Freelancing: Fixed Contracts vs. Hourly Contracts



While last month I gave an overview of what freelancing is, this month I would like to go over the differences between fixed contracts vs. hourly contracts. This article aims at helping you pick which is right for your freelance business.

What is a Fixed Contract?

Fixed contracts are where you discuss with your client to agree a single fee for completing the job you’re hired to do. If it takes you 1 hour or 6 hours to complete the job the fee doesn’t change, it is fixed. Personally I feel fixed contracts work out best for both the client and freelancer, it’s how I mostly work.

A situation that’s came up with me a couple of times with lower end clients – and it really pisses me off – is when a client brings my hourly rate into the discussion. We’ve agreed a fixed price contract, why are you bringing my hourly rate into it?! It’s usually in an attempt to get me to work for cheaper, but I turn it on their heads by saying something along the lines of “so you’ll pay me a fixed rate until the hours expire at which point you’ll start to pay my hourly rate?”

An example of the concept above is if I take a fixed rate job on at $500 and my hourly rate is $50, I’ll do up-to 10 hours work, note that I can complete the job in under 10 hours and still get my $500 but if it takes longer than 10 hours then they’ll pay me $50 per hour after. This takes them a step back. The problem is that the client doesn’t completely understand what a fixed rate contract is.

Sure, the length of time it’ll take to complete the job is one factor in determining what the fixed rate is but there are other factors such as:

Level of Skill Required

If a job requires a lot of skill and you know only a few people have the expertise required, you should charge more.

Likeliness of Revisions

When you’ve been freelancing for a while you’ll learn that sometimes things don’t go right first time or there’s been a misunderstanding/miscommunication along the way and the client would like you to change things, but don’t be afraid to tell the client if they want too much changed.

When the Job Needs Done By

If the client needs the job done urgently you should bring that into consideration.

There are also other factors you should consider, which I’ve listed below as they can apply to both fixed and hourly rates.

What is an Hourly Contract?

An hourly contract is where you agree to an hourly rate with your client, kind of like a 9-5 where you’re told what your rate is. If it takes you 1 hour or 6 hours you’ll get 1x or 6x your hourly rate which may seem like “Yes! This is what I’ll do” but with hourly contracts you are limiting your earning potential as there is only a set number of hours you can work. Meaning if you’re working 8 hours a day for one client that’s only one job that you can work on for those 8 hours whereas if you’re on a fixed rate you could have completed 2, 3, 4+ jobs in that time.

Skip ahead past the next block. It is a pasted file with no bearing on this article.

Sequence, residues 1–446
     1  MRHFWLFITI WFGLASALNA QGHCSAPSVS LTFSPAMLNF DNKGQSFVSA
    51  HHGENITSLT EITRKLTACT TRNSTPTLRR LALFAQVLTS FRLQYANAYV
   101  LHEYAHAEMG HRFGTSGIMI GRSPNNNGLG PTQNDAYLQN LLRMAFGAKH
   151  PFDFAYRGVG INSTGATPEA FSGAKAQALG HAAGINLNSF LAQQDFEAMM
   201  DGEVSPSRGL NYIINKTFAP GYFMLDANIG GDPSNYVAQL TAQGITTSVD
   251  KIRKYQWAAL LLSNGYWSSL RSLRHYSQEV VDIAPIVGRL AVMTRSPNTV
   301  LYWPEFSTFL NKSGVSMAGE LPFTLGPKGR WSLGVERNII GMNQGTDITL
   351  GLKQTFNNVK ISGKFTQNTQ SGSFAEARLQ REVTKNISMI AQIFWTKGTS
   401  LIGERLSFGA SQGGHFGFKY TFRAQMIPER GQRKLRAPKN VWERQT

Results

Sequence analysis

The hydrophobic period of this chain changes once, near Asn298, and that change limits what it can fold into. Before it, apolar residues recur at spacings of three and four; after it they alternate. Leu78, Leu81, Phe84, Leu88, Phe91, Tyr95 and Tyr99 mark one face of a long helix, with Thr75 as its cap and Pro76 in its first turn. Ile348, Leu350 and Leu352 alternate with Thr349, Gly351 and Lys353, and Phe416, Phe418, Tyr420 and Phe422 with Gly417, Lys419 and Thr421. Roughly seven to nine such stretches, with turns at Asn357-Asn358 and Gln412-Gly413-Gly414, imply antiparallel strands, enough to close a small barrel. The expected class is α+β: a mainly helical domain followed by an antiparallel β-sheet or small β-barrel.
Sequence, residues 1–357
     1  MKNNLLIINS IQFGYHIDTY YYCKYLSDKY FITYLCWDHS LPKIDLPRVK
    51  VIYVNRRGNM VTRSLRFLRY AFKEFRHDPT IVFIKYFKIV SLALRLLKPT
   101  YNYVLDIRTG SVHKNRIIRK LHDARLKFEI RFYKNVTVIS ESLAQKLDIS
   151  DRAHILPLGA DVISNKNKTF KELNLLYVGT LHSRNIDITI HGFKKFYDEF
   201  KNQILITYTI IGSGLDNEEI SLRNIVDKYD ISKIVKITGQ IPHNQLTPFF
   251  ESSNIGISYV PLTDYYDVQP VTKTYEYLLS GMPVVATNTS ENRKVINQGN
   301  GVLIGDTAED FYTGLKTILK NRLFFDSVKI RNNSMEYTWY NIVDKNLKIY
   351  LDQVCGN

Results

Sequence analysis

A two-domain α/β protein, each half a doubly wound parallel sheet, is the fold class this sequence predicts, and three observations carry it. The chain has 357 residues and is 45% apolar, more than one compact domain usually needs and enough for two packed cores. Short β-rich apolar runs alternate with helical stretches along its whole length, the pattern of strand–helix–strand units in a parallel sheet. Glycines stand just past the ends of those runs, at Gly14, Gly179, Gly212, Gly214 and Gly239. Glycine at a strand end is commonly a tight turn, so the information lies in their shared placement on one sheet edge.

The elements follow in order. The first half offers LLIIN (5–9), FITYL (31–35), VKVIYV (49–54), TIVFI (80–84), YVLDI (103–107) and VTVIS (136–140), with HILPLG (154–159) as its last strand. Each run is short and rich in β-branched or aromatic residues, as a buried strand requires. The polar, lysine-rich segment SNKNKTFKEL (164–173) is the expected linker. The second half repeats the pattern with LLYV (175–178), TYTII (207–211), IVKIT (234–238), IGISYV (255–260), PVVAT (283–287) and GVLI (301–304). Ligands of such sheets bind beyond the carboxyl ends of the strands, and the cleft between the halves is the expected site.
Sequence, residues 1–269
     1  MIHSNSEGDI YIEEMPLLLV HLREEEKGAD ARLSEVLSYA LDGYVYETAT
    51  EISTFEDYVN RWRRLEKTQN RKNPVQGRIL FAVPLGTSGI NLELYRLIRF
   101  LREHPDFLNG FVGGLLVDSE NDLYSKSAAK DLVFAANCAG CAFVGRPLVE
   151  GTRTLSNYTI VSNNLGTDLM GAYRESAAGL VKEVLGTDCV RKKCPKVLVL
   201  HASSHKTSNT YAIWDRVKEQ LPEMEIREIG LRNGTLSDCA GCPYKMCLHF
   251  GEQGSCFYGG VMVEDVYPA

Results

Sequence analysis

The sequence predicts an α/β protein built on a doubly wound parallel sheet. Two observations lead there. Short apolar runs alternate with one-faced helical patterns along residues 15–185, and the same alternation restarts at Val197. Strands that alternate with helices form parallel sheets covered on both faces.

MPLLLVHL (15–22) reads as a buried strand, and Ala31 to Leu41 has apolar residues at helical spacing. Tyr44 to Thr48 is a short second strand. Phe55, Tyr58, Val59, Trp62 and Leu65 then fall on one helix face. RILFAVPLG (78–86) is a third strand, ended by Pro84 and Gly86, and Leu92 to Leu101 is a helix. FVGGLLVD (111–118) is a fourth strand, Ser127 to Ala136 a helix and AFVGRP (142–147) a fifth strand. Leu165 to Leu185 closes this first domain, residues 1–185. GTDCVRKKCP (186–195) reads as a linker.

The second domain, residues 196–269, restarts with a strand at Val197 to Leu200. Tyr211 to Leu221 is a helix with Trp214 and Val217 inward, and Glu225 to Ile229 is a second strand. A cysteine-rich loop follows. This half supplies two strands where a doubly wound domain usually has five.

Other things to consider whether discussing fixed or hourly contracts is:

What is your competition charging?

You can usually find out what your competition is charging by visiting their website or you can call them up and pretend to be a potential client.

Is There Potential for More Work?

If the client is likely to have more work for you, usually I don’t mind dropping my rate a little.

Will the Job Lead to Bigger Opportunities?

If your work is going to be shown to industry leaders you may find yourself being offered opportunities to work for them.

How Valuable is Your Service to the Client?

Different jobs have different values to clients but all jobs are important. If you’re working on something that will greatly increase their revenues your fee should reflect that importance.

How Much Do You Need the Job?

Pretty self-explanatory, but don’t undervalue yourself too much here because if the client comes back to you in the future when you’re not as in need of work and your rate is much higher it can be difficult to negotiate.

How Interesting is the Job to You?

Probably slightly controversial, but how interested you are in the job will affect your work quality so you may need something else to balance it out. For instance, if you’re working on a boring job you’ll want to charge more to make your motivation the payment, but if you’re working on an interesting job you won’t need that extra boost of motivation.

If you’re doing menial work that almost anybody can do then I agree that an hourly rate is best, but if skill and expertise are required then I would highly recommend a fixed rate.

Where do you stand on fixed contracts vs. hourly contracts? How do you determine your fee? Drop you answer in the comments!

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About Iain Meddicks

Iain Meddicks is a father and music industry entrepreneur from Glasgow, Scotland. He is the founder of SendBeatsTo and CrazyPellas Music Community and has a passion for web technologies.

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